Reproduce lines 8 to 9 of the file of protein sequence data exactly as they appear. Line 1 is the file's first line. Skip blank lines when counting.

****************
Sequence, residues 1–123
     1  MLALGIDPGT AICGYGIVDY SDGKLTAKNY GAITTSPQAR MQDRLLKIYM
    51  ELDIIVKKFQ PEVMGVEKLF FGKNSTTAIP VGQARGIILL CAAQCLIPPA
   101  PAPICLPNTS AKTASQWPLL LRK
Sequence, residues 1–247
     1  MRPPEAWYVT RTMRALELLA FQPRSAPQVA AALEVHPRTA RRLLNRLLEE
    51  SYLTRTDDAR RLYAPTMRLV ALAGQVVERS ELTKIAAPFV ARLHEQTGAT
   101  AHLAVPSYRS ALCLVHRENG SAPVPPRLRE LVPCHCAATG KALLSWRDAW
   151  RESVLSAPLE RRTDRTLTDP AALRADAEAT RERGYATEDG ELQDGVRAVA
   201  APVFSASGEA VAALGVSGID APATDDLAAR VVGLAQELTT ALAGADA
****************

   101  AHLAVPSYRS ALCLVHRENG SAPVPPRLRE LVPCHCAATG KALLSWRDAW
   151  RESVLSAPLE RRTDRTLTDP AALRADAEAT RERGYATEDG ELQDGVRAVA